It’s Thursday. Someone in my circle has informed me their partner has tested positive for COVID. They’re quarantining. He’s got a cough. That same day I travel to Boone to pick up some students for summer break. COVID’s on the rise here, they tell me; they’re glad to be escaping without catching it.
It’s Friday, prom night at my daughter’s school. Half of the class won’t make it, because they all got COVID at another prom a week earlier.
Over the course of the weekend I note a surge in coronavirus cases among my social-media contacts. It happens a few weeks after the state stopped updating the COVID numbers every day — not that it would matter if they did, because everyone is taking home tests, which never get factored into the official equation. With this dearth of accuracy, anecdotal evidence becomes even more compelling.
Once again I feel like the coronavirus is closing in on me, like I did in the summer of 2020, and again that winter, and on three separate occasions in 2021, and again just a few months ago, when everyone was getting it from their kids, who picked it up at school.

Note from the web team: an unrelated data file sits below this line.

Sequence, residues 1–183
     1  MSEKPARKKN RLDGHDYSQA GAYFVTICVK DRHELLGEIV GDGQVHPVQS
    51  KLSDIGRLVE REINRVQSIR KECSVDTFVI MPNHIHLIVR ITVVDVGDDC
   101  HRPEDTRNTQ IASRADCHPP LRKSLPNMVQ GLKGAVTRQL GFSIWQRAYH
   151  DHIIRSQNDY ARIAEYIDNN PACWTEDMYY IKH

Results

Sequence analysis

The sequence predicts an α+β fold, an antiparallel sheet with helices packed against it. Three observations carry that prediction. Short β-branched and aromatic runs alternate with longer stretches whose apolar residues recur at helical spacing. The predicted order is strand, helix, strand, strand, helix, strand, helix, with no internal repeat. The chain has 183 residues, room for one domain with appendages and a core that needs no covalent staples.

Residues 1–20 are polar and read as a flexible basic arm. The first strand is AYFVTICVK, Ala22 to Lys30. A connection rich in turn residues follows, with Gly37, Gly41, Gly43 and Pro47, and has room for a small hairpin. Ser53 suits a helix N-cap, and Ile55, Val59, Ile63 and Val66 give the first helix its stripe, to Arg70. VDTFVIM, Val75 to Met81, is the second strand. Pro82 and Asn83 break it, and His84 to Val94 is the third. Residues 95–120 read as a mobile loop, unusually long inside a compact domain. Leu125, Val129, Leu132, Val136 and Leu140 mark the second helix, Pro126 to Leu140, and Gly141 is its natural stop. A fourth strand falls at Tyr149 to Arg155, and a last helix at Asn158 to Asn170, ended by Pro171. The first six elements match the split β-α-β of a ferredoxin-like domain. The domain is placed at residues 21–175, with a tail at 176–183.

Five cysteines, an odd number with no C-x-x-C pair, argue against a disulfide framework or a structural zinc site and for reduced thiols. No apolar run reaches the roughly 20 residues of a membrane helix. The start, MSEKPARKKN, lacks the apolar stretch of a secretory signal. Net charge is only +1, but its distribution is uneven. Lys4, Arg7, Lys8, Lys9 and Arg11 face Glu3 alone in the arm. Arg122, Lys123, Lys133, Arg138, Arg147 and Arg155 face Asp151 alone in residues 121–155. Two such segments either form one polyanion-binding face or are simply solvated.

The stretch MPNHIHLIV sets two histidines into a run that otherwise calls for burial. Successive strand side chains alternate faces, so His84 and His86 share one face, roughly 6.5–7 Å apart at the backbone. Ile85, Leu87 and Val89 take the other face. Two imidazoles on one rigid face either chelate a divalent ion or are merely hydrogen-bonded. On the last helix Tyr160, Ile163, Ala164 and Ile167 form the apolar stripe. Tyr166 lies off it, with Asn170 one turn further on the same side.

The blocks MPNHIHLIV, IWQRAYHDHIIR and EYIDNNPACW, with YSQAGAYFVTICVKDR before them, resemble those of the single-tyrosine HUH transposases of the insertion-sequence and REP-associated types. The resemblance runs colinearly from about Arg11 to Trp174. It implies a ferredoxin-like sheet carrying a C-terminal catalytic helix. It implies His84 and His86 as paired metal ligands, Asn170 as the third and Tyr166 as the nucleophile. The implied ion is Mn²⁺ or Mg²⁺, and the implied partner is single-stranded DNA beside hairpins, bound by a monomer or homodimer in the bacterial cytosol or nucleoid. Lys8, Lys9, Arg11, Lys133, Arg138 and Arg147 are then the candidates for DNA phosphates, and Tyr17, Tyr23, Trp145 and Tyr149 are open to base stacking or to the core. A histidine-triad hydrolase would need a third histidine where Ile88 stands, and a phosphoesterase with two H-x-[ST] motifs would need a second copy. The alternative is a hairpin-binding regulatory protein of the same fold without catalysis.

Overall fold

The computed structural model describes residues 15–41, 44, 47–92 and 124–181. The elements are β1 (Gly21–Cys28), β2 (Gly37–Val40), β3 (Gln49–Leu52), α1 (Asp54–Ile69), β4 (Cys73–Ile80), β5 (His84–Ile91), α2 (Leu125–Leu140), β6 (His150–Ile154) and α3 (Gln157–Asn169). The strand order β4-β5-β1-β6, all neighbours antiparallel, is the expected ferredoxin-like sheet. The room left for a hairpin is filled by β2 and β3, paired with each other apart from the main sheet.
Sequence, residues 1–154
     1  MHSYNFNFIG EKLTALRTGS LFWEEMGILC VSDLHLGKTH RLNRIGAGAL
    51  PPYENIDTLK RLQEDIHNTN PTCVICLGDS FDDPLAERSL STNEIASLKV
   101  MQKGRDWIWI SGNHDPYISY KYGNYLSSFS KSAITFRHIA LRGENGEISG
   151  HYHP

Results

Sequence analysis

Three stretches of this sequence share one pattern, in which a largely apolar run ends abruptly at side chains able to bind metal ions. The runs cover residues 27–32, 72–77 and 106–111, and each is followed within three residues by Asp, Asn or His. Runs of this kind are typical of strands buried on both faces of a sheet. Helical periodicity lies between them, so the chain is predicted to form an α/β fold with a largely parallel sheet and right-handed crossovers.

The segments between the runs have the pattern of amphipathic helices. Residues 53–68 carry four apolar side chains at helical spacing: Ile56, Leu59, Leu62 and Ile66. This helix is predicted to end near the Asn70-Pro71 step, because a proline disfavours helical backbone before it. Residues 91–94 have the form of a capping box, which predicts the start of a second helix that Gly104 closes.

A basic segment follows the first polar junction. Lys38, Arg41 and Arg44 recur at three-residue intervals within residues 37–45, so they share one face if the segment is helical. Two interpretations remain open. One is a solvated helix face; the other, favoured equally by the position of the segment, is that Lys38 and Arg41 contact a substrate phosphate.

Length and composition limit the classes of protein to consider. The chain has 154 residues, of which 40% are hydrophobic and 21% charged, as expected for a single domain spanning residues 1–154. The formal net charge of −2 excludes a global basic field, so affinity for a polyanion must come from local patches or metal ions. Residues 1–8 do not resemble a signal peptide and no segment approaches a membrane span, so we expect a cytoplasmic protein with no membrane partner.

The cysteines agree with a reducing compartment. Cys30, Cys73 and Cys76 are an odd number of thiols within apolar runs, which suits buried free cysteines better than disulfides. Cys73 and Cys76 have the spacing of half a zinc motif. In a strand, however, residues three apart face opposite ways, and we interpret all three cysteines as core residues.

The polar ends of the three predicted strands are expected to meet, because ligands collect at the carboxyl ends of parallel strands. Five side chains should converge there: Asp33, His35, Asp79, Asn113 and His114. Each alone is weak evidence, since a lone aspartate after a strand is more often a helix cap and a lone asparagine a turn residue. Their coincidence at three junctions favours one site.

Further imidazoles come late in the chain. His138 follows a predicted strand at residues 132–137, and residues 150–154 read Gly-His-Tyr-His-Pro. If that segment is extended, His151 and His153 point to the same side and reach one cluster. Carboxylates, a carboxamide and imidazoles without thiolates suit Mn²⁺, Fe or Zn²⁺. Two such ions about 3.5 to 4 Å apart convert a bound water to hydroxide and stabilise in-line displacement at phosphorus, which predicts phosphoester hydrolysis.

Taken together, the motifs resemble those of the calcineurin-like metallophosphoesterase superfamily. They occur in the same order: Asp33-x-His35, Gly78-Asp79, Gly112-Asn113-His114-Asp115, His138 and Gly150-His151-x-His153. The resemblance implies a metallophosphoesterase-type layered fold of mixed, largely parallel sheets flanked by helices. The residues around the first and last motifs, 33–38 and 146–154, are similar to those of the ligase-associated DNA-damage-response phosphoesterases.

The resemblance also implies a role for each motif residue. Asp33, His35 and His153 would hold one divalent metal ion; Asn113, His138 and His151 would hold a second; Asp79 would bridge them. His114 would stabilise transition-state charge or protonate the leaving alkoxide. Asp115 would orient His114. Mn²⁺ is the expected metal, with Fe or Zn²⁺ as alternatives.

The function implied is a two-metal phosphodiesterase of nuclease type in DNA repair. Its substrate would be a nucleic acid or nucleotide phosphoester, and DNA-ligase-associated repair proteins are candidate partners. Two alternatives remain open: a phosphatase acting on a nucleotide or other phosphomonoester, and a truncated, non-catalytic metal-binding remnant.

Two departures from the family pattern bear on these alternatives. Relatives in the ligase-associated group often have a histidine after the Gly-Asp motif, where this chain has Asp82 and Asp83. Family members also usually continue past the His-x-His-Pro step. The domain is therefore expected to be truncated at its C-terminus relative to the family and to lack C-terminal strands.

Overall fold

I thought I had it once last year, but it was just a spring cold or maybe some allergies. My wife has had contact with it several times but it never latched on. Our daughter has steadfastly masked at school even after the requirements dropped and has thus far avoided the virus.
It’s Monday, and I book an appointment for a vaccine booster — my second — at the Four Seasons Mall. My first three shots, two rounds of vaccines and the first booster, came from Walgreens. I brought my daughter to the Greensboro Coliseum for her initial shots. The place was set up for tens of thousands of people to move through in those early days of the vaccine; it never once operated at full capacity.
At the mall, there’s a testing facility in the parking lot, empty in the mid-afternoon. They give the shots in what was once an anchor department store, now a tiny operation in a cavernous space, run by two-person team of nurses who remark that it has been a busy day. Besides me, there is a mother with four young children and a woman whom I immediately categorize as old but is probably the same age as me.
Outside the vaccine station, I do not see a single person at the mall wearing a mask.
It’s Tuesday. I’ve got no side-effects from the vaccine — I never do — but I’m staying home anyway to write and do some business. My wife texts me at lunch with the news: Our daughter’s prom date has COVID.
And now, again, everything stops. We know what to do. We’re just so tired of doing it.
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